It’s been just over a year since the GDPR (General Data Protection Regulation) came into effect in the UK. Since it was launched, the ICO has recorded a rise in data protection complaints, which goes to show how important people take their data management and any potential abuse of it.
What’s more alarming is that according to the law firm DLA Piper, European businesses have reported 59,000 data breaches since GDPR was implemented, with Google currently receiving the highest fine for a data breach of €50 million!
Since businesses who’re not compliant are liable to fines of up to 4% of their annual global turnover, it’s more important that even to ensure you minimise the potential risk for any kind of data breach.
So, how can you minimise your risk?
A great deal of large companies hired consultants and specialised organisations to help them become GDPR ready, spending almost £1 billion in the process. However, according to an independent study conducted by USBMakers.com, only 42.5% of respondents audited their data processes on the run-up to GDPR and only 16.8% appointed a data protection officer.
Table of Contents
1- Review Internal Processes
Appointing a DPO is mandatory as they are held accountable for data management within their respective organisations and are required to report any data breaches that occur. So, the first step to minimise risk is to appoint a DPO and review all internal data management processes, including:
- Privacy policies
- Data capture & storage
- Access to data
- Deletion of data
2- Implement Data Security Technologies
When it comes to minimising data breaches, it’s important to ensure you have the necessary security in place. People are your biggest risk. This is not to say that employees are going to siphon off data, be manipulative or allow hackers in through the backdoor, it simply means that human error is common. There are so many potential risks, including phishing emails, viruses, errors in data entry, etc. As such, it’s important to implement intelligent security software that will protect staff and your data. Consider the following:
- Data back-ups & recovery
- McAfee or Norton anti-virus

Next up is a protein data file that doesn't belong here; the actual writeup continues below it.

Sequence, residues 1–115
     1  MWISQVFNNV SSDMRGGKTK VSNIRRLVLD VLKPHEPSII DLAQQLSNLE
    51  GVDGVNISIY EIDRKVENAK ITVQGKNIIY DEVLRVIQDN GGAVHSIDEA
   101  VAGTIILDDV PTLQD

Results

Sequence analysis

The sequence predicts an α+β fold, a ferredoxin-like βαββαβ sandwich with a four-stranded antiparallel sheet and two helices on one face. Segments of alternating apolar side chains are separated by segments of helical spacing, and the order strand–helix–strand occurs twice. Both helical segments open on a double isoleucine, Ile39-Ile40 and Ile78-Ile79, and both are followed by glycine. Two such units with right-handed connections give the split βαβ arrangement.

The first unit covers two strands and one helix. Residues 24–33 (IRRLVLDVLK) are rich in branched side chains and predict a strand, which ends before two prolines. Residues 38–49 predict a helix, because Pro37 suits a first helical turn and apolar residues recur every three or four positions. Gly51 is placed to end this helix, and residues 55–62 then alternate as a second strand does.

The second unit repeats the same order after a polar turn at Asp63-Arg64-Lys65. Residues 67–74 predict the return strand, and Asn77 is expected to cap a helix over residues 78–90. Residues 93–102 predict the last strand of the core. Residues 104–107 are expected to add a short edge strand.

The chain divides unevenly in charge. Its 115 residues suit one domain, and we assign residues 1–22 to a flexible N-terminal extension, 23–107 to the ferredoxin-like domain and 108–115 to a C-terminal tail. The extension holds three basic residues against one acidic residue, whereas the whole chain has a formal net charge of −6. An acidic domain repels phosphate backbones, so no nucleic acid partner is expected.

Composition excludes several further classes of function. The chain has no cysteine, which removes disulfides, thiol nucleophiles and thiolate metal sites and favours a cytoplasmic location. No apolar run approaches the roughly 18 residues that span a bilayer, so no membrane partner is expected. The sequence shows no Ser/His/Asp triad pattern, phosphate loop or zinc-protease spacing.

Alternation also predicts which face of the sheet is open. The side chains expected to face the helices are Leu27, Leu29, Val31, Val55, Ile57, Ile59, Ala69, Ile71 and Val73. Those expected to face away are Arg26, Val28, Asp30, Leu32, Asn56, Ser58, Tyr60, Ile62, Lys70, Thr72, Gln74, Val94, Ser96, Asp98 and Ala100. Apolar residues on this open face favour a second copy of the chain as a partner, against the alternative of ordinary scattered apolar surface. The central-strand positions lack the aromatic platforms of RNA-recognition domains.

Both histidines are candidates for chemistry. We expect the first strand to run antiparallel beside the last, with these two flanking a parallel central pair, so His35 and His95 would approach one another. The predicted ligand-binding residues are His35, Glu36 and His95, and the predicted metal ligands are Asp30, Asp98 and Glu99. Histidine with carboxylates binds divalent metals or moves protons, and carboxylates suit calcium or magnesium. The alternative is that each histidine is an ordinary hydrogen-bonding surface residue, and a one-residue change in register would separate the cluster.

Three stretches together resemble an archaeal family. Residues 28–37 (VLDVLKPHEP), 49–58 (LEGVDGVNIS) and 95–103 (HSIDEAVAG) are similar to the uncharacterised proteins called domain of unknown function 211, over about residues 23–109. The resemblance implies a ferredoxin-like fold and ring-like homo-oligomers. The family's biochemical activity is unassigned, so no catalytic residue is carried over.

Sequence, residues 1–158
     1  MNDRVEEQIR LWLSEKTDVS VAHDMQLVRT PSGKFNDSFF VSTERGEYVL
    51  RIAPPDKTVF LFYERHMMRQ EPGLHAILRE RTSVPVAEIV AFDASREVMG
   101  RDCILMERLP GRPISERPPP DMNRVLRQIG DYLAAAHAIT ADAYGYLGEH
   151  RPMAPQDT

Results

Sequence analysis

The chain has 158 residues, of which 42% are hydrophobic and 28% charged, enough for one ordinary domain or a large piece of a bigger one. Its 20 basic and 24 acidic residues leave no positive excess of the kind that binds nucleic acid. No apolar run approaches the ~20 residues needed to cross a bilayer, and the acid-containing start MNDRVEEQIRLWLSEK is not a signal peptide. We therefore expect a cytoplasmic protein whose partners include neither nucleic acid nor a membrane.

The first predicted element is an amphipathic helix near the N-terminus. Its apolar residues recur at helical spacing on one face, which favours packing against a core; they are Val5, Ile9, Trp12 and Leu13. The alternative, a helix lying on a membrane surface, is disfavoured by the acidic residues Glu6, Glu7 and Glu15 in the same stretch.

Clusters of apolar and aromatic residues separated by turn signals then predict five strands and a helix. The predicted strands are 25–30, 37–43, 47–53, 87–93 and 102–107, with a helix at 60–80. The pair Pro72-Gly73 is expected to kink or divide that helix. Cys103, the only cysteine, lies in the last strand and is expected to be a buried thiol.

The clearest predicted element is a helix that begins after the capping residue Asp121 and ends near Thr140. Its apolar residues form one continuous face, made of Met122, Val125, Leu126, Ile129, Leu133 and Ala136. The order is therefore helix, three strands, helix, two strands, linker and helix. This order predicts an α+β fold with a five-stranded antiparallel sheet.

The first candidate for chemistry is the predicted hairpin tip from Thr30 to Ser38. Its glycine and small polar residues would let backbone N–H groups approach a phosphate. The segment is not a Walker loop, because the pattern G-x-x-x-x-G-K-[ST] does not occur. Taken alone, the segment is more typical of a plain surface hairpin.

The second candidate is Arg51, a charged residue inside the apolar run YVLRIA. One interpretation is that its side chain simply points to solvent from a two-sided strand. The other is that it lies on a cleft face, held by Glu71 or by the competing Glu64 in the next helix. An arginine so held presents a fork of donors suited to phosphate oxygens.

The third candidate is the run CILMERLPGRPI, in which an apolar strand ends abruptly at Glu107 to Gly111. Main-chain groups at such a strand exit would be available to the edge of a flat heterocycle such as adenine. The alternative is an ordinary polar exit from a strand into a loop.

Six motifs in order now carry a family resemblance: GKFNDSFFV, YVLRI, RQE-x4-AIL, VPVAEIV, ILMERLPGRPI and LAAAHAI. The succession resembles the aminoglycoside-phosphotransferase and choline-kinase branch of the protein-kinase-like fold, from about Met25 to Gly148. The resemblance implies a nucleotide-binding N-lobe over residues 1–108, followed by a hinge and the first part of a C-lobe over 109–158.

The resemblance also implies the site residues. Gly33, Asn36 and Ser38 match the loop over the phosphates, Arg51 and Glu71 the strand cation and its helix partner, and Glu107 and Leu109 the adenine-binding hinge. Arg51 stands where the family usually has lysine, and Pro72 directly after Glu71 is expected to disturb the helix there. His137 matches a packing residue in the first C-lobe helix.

- Checkpoint security management software
- Hardware authentication
- User-behaviour analytics
- The Cloud
3- Move to the Cloud
Most data breaches occur due to a vulnerability and no matter whether you store data in the cloud or on-premise, there are still risks. Ultimately, keeping your data secure is your responsibility as well as your cloud provider’s. As such it’s important to test any new system you implement.
What’s surprising is that only 28% of the USB Makers survey respondents currently use the cloud when cloud technologies are more secure than storing data on premise.
One of the biggest concerns people have surrounding cloud storage is loss of data rather than it being hacked. However, it is possible to use multiple systems to ensure your data is secure and backed up by using a sharing platform in unison with the cloud storage you opt for, which will track changes and store deleted data.
- Use two-step verification
- Encryptions methods used by cloud providers
- Complex passwords
4- Monitor & Secure Hardware
Whether your staff is entirely in-house or on the road, it’s important to monitor all activity and interaction with the data you hold to ensure it is secure.
There is software that can monitor this, including Checkpoint and various other user-behaviour analytics which may highlight any unusual activity, allowing you to act before a data breach occurs.
At one-point BYOD (Bring Your Own Device) was popular, however, with a greater emphasis on the security of late, the tables have turned, and company-owned hardware is suggested as the most secure way of protecting your data. It allows you to maintain control and minimise risk by adding the necessary security software on to each device, including two-step verification and hardware authentication.
5- Educate Staff on Risk Implications
What’s surprising is that 30.2% of the USB Makers survey respondents did not know whether they’d been hacked and are therefore open to potential risks. Since people are the greatest risk to data it’s more important than ever to ensure staff has a greater understanding of the rules and regulations of GDPR along with the associated risks to data.
The number of complaints and reports will only continue to rise as data protection agencies scale up their inquiries and have increased resources available to them. It’s for this reason that businesses should consider reviewing their compliance and security regularly, ensuring all staff, current and new are up to date with the latest news and information.